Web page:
As described above, according to the third embodiment, the pellicle 24 can be aligned using the distal end of the inert gas supply portion 29 as a reference so as to bring the distal ends of the inert gas supply portion 29 and inert gas exhaust portion 32 into tight contact with portions of the pellicle frame 25 where vent holes 27 are formed. Since the pellicle frame 25 is set as an alignment target, interference between the pellicle frame 25 and the reticle hand 15 can be prevented when a reticle hand 15 transfers a reticle 23 with the pellicle 24 to a reticle stage 1 or the like after purge of the pellicle space.

It is preferable to arrange a sensor 50 which detects the position of the pellicle frame 25, and to control the reticle hand 15 which transfers the reticle 23 with the pellicle 24 on the basis of an output from the sensor 50. This can prevent interference between the pellicle frame 25 and a support table 28 when the reticle 23 with the pellicle is set on the support table 28.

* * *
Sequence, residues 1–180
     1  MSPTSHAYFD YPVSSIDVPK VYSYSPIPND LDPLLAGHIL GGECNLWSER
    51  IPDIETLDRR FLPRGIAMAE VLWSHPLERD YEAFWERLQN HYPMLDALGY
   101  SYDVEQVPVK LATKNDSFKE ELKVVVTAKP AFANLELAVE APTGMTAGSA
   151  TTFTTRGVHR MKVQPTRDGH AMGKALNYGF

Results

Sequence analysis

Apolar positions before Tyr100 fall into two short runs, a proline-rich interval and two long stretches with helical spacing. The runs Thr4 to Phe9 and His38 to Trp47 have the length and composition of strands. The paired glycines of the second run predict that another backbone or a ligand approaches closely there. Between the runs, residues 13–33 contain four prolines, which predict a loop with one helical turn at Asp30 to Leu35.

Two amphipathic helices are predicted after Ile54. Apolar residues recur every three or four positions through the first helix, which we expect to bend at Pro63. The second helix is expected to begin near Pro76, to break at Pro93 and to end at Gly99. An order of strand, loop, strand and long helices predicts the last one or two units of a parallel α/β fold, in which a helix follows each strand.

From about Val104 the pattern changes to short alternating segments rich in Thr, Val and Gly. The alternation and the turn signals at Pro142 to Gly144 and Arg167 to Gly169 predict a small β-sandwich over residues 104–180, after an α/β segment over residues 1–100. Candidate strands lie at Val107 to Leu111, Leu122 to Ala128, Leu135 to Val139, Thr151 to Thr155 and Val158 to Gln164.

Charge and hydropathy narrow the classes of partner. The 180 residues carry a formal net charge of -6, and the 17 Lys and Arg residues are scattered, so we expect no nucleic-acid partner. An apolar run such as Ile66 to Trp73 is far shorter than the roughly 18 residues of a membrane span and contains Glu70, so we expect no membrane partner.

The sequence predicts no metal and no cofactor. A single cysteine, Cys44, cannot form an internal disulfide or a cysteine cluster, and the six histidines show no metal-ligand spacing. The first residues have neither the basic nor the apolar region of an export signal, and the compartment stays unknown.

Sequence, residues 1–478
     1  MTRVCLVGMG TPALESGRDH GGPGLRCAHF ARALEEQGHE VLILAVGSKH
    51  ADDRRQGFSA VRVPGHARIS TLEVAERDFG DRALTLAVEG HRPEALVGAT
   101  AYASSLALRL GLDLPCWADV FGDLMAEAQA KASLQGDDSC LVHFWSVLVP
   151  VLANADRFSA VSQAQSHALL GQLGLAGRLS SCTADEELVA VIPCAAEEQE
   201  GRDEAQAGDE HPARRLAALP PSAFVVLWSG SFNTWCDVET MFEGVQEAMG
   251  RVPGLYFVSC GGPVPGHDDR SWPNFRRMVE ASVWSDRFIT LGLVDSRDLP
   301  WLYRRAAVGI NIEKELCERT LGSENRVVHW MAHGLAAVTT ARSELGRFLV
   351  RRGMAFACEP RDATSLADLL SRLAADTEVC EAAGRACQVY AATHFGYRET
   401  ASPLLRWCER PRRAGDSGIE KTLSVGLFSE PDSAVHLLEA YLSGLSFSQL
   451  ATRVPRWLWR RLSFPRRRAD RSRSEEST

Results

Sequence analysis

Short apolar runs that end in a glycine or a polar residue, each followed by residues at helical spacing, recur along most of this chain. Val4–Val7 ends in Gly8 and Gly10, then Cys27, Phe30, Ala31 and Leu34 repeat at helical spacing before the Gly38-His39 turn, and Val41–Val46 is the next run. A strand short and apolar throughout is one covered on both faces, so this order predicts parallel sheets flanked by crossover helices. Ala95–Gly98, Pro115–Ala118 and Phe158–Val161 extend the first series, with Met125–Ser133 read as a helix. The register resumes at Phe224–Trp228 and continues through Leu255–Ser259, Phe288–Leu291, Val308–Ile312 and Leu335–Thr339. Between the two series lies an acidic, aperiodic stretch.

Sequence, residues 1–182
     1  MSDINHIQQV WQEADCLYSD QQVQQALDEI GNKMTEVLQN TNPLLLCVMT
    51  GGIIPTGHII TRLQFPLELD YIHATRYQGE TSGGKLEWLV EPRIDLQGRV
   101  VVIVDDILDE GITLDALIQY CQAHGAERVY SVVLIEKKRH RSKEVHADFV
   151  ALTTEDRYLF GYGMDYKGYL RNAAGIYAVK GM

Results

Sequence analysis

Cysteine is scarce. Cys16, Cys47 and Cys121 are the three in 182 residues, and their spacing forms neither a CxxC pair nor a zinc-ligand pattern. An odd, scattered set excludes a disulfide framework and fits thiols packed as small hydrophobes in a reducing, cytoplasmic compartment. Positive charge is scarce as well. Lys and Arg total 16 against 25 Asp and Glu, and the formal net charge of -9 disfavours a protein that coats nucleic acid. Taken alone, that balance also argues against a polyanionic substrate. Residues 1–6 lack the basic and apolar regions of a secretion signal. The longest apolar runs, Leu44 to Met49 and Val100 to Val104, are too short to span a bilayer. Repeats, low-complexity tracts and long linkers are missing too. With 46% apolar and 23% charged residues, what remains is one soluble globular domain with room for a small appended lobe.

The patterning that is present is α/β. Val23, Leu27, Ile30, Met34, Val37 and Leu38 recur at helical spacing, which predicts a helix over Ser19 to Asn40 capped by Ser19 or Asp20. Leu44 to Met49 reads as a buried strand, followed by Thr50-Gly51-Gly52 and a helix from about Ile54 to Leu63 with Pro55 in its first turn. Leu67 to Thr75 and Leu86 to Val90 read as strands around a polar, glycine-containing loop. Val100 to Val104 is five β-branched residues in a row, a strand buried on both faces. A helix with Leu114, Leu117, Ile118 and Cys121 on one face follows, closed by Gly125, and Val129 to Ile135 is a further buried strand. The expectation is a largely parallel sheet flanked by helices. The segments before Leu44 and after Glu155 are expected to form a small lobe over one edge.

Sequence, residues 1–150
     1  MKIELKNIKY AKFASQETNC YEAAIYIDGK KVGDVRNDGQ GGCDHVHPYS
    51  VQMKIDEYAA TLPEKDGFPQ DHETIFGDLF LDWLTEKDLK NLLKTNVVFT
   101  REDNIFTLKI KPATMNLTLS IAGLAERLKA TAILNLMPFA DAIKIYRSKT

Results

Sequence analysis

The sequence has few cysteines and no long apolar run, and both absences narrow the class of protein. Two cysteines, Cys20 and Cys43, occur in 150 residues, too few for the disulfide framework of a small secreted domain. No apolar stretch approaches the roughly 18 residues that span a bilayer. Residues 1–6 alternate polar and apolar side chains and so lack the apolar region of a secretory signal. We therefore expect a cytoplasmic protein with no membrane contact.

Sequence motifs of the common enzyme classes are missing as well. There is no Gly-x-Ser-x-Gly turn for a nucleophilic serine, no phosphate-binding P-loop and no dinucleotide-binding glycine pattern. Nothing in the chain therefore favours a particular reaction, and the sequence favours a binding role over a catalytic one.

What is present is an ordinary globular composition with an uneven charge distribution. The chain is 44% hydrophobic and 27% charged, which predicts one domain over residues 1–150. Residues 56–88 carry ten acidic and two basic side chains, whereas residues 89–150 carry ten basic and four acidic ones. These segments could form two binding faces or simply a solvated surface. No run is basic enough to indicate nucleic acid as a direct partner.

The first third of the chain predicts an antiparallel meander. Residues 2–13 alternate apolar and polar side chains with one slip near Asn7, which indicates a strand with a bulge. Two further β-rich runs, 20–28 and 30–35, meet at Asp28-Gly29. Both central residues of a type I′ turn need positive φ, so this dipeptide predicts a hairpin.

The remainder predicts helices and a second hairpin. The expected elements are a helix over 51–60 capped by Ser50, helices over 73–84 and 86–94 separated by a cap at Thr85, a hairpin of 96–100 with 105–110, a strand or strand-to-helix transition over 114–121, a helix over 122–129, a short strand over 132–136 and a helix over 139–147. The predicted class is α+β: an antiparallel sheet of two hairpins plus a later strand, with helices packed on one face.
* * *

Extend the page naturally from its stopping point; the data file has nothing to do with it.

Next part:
In the third embodiment, the pellicle frame 25 is aligned using the inert gas supply portion 29 as a reference by setting the spring constant of the spring attached to the supply portion driving mechanism 30 a much larger than that of the spring attached to the exhaust portion driving mechanism 33. This is merely an implementation of the present invention. For example, the pellicle frame 25 may be aligned using the gas exhaust portion 32 as a reference by setting the spring constant of the spring attached to the supply portion driving mechanism 30 a much smaller than that of the spring attached to the exhaust portion driving mechanism 33. Alternatively, the inert gas supply portion 29 may be replaced with a gas exhaust portion, and the inert gas exhaust portion 32 may be replaced with a gas supply portion.

In the third embodiment, the spring applies press force to the pellicle frame 25. Alternatively, e.g., a pressure sensor which detects press force may be arranged, and the press force to the pellicle frame 25 may be controlled by controlling the driving mechanisms 30 a and 33 on the basis of an output from the sensor.